Winnie Ewing, who in the late 1960s transformed Scottish politics by bringing the issue of independence from Britain to the national mainstream from the electoral fringe, died on June 21 at her home in Bridge of Weir, a town west of Glasgow. She was 93.
Her death was announced in a statement by her family, several of whom, including her daughter and one of her sons, followed her into Scottish politics.
Mrs. Ewing was a political neophyte in 1967 when, as a member of the Scottish National Party, she won a stunning upset over a Scottish Labour Party veteran, capturing a parliamentary seat near Glasgow that had been in that party’s hands for some 50 years.
Just 38 at the time, with three young children and a successful law career, the charismatic Mrs. Ewing sliced through Scotland’s torpid, sclerotic politics with her vision for an energized, independent nation.
“Stop the world, Scotland wants to get on,” she told a reporter soon after her victory.
She made her inaugural trip to the Palace of Westminster in London, where the British Parliament meets, aboard a special train called the Tartan Express, with 250 well-wishers aboard. Even more people, along with a band of pipers playing “Scotland the Brave,” greeted her when she disembarked at Euston Station.
She got along well with most of her colleagues, but the rest of the Scottish delegation, all resentful Labour Party members, made her years in Parliament unpleasant. They insulted her in public and refused to sit with her in the Westminster cafeteria. She even later claimed that someone — she refused to say who — had stalked her for months.
“I didn’t realize it would be so nasty, because nobody had warned me,” she told The Herald, a Scottish newspaper, in 2004. “It was like going to face a crucifixion, a minor crucifixion, every day.”
She was received better back home, where she inspired a generation of young people and women to flood into Scottish politics after decades of staying out of it.
“She was somebody who changed the course of Scottish political history,” Nicola Sturgeon, the former first minister of Scotland, told the BBC in 2018. “When I was growing up in politics there weren’t very many women that I could look to, who had blazed a trail, and Winnie was undoubtedly one of the few.”
Mrs. Ewing also reoriented her country’s politics from its traditional left-right arrangement to one focused, at least in part, on the question of independence. Over the span of her political career, the Scottish National Party, which had been on the periphery, became the country’s dominant electoral force.
In 2014 she played a lead role in Scotland’s referendum on independence, campaigning relentlessly alongside her friend and fellow proud Caledonian Sean Connery. But despite their efforts, the referendum lost, 55 to 45 percent.
Winifred Margaret Woodburn was born on July 10, 1929, in Glasgow. Her father, George Woodburn, ran a paper plant, and her mother, Christina (Anderson) Woodburn, was a homemaker.
She received a law degree from the University of Glasgow, where she joined the Scottish Nationalist Association, a pro-independence group. She later recalled that when she told her father, a committed Labour Party member, about her decision, he called her “a traitor.”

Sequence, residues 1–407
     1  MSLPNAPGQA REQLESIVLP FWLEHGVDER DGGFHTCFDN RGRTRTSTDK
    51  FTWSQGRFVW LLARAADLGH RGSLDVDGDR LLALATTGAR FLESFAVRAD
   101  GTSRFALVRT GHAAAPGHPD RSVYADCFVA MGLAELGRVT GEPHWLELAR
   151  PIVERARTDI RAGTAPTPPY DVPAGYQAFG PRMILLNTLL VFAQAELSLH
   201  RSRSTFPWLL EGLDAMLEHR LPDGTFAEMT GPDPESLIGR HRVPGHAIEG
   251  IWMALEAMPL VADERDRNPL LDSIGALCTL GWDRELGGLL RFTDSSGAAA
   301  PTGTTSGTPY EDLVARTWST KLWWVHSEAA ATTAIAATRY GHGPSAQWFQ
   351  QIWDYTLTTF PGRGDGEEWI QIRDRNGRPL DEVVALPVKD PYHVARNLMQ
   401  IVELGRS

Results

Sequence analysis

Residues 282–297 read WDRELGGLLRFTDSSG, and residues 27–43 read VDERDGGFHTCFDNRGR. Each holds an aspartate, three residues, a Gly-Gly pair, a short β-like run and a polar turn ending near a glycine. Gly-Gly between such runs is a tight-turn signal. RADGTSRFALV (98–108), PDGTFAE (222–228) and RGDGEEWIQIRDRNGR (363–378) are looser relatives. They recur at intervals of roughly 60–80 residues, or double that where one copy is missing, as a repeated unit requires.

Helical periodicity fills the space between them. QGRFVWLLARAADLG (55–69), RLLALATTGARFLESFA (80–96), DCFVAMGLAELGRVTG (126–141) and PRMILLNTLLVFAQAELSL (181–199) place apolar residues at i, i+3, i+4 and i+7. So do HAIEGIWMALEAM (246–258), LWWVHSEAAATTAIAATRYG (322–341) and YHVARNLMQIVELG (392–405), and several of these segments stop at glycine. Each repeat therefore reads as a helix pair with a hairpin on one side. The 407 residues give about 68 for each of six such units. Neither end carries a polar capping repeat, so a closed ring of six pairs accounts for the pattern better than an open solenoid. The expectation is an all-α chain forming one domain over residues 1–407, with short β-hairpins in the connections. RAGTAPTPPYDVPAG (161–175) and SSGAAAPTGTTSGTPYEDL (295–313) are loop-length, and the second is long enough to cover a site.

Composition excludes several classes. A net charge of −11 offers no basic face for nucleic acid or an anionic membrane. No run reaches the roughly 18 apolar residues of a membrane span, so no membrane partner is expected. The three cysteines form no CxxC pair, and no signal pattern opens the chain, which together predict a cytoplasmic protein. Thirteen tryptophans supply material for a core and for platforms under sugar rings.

She married Stewart Ewing, an accountant, in 1956. He later also served as her aide and political adviser.
Stewart Ewing died in 2003. Mrs. Ewing is survived by her sons, Terry and Fergus; her daughter, Annabelle Ewing; and four grandchildren.
Fergus and Annabelle Ewing are members of the Scottish Parliament, as was Fergus’s wife, Margaret, who died in 2006.
Mrs. Ewing’s first stint in Parliament lasted just three years, but she returned in 1974 and served another five. In 1975 Prime Minister Harold Wilson chose her as a member of the British delegation to the fledgling European Parliament, a position she held for 20 years.
In Strasbourg, France, where the European Parliament met, she earned the nickname Madame Écosse — Mrs. Scotland in French — for her seemingly single-minded focus. She defended Scottish fisherman and oil interests, and she made common cause with representatives of other European regions restless for home rule.
Over the years, she used her position in Strasbourg to push Scotland from a pervasive skepticism toward the European Union to a full-on embrace under her slogan “Independence in Europe.”
Shuttling across the North Sea, she won the presidency of the Scottish National Party in 1987. She held that post until stepping down in 2005.
The Scottish voted overwhelmingly in 1997 to reconstitute their Parliament, which had been dissolved after the country’s unification with England in 1707. Mrs. Ewing easily won election to it, and at its first session, in 1999, gaveled it back into existence.
“I want to begin with the words that I have always wanted either to say or hear someone else say,” she said, seated on a dais at the head of the chamber. “The Scottish Parliament, adjourned on the 25th day of March, in the year 1707, is hereby reconvened.”
Six years later, when the Parliament moved to a new location, Mrs. Ewing was given the chair in which she had delivered those historic words.